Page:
[Ppnews] Troy Davis - Atlanta Journal-Constitution

Political Prisoner News ppnews at freedomarchives.org
Wed Sep 24 14:37:34 EDT 2008



Troy Davis may be innocent

http://www.ajc.com/opinion/content/opinion/tucker/stories/2008/09/24/tucked_0924.html

Wednesday, September 24, 2008

If Troy Anthony Davis had occupied a higher rung 
on the social ladder, he probably would not have 
been convicted of murder in the August 1989 
shooting death of a Savannah police officer. If 
Davis were a doctor or lawyer or college 
professor, it’s unlikely police would have 
targeted him on the word of a small-time thug.

But Davis isn’t a member of the tony set; he is 
neither educated nor affluent. He grew up in a 
tidy if modest neighborhood with a father who 
worked in law enforcement, but by adulthood, he 
had acquired a petty rap sheet. At the time of 
the tragic murder of police officer Mark Allen 
MacPhail, Davis was working for meager wages and looking for a better job.

CYNTHIA TUCKER
MY OPINION

So when Sylvestor Nathaniel “Redd” Coles coolly 
walked into a police station hours after the 
murder, accompanied by a lawyer, and identified 
Davis as the shooter, Savannah police had no 
trouble taking his word for it, even though Coles 
had a rap sheet of his own. They set out to 
collect evidence against Davis, and by the time 
the case came to trial, they had nine witnesses, 
including Coles, to testify against him.

Since then, however, seven of those nine 
witnesses have recanted or contradicted their 
testimony, and Davis’s current attorneys now 
believe Coles actually killed MacPhail. Most of 
the recanting witnesses claim that they feared 
the police in 1989 and that they were coerced 
into giving statements implicating Davis. Given 
that a fellow officer had been killed, it hardly 
seems implausible that Savannah police exerted 
pressure to get the testimony needed for a conviction.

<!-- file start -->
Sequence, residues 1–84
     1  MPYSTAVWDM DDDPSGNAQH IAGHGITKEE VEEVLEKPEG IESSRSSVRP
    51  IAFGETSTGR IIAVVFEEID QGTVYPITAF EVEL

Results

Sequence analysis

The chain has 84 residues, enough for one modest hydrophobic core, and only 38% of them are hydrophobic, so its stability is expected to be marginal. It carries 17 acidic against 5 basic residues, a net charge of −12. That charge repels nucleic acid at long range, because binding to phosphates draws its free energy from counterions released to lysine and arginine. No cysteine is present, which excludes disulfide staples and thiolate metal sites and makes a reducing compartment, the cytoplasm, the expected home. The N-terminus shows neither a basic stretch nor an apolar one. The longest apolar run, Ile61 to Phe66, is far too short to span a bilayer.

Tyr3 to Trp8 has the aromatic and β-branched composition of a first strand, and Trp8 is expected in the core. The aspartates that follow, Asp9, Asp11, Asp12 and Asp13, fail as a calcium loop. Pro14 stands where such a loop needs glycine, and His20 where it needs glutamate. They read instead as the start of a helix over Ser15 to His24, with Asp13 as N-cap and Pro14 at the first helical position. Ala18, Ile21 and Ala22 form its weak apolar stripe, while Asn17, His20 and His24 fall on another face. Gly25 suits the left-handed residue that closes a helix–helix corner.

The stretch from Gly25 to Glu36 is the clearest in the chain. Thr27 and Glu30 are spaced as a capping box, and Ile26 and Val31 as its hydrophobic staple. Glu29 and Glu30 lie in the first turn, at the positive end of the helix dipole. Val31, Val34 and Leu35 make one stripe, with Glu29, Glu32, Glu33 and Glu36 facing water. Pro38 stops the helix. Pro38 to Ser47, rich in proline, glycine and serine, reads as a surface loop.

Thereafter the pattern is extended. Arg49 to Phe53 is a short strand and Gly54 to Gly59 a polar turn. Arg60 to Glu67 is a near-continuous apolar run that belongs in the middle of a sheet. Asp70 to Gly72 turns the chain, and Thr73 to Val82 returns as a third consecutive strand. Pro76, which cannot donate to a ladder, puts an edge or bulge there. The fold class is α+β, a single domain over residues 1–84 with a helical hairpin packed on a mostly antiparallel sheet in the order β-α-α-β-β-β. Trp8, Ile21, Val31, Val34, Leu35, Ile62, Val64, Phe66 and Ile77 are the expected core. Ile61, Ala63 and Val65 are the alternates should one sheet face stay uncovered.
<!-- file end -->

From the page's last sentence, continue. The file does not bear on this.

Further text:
Most chilling is the recollection of Tonya 
Johnson, who says she didn’t tell police all she 
knew back then. She now says that she saw a man 
running from the direction of the shooting that 
night, and that she saw him hide two guns behind 
the screen door of an abandoned apartment next 
door. According to Davis’ attorneys, that man was 
Coles. They believe Johnson feared retribution 
from Coles if she had testified to the truth.

Despite the recanted testimony, the state Supreme 
Court refused to grant Davis a new trial earlier 
this year, and, on Monday, the state Board of 
Pardons and Parole reaffirmed its decision to 
deny a petition for clemency. Davis was scheduled 
for execution last night, but the U.S. Supreme 
Court intervened with a last-minute stay.

Americans fed a steady 
<http://www.ajc.com/health/content/health/index.html?cxntlid=linkr>diet 
of Hollywood-concocted police procedurals and 
crime dramas have come to expect that police will 
always find, if not a smoking gun, at least a few 
damning pieces of forensic evidence. Real life is 
rarely so satisfying. In the Davis case, there 
was precious little physical evidence ­ no DNA, 
no fingerprints, not even the murder weapon.

The jury based its decision on those witnesses, 
who swore Davis was the man who pulled the 
trigger, or that at the very least he had a gun 
that might have been the murder weapon. (The 
killing had occurred at night, in a poorly lit 
parking lot, in the midst of a scuffle. Officer 
MacPhail, working an extra job, had intervened to 
try to break up a fight in a commercial area near 
a Burger King and a Greyhound station.)

Even under the best of circumstances, eyewitness 
testimony is notoriously unreliable. More than 75 
percent of the people exonerated by DNA evidence 
had been falsely convicted by bad eyewitness 
testimony in their original trials.

With no DNA in this case, there is no way to know 
for sure. Despite all his protestations of 
innocence, despite the celebrities who appealed 
for clemency, despite the recent revisions of 
testimony, it’s certainly possible that Davis 
shot a young police officer several times on a 
hot August evening in 1989. It’s certainly 
possible that he finally may get the punishment he justly deserves.

But it seems equally plausible that Davis was 
just in the wrong place at the wrong time, 
fingered by the real criminal and convicted by a 
criminal justice system eager to put a cop-killer behind bars.

If so, the U.S. Supreme Court has just prevented 
the state of Georgia from murdering an innocent man.

­ Cynthia Tucker is the editorial page editor. 
Her column appears Sunday and Wednesday.




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